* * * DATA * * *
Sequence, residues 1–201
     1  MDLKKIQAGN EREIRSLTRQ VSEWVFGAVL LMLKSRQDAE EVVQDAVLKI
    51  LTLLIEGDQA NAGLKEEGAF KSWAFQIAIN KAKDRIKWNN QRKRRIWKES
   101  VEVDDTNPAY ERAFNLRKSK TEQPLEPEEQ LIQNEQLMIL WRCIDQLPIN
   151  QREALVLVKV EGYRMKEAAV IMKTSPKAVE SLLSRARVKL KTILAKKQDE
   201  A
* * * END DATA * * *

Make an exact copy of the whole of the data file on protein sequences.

Sequence, residues 1–201
     1  MDLKKIQAGN EREIRSLTRQ VSEWVFGAVL LMLKSRQDAE EVVQDAVLKI
    51  LTLLIEGDQA NAGLKEEGAF KSWAFQIAIN KAKDRIKWNN QRKRRIWKES
   101  VEVDDTNPAY ERAFNLRKSK TEQPLEPEEQ LIQNEQLMIL WRCIDQLPIN
   151  QREALVLVKV EGYRMKEAAV IMKTSPKAVE SLLSRARVKL KTILAKKQDE
   201  A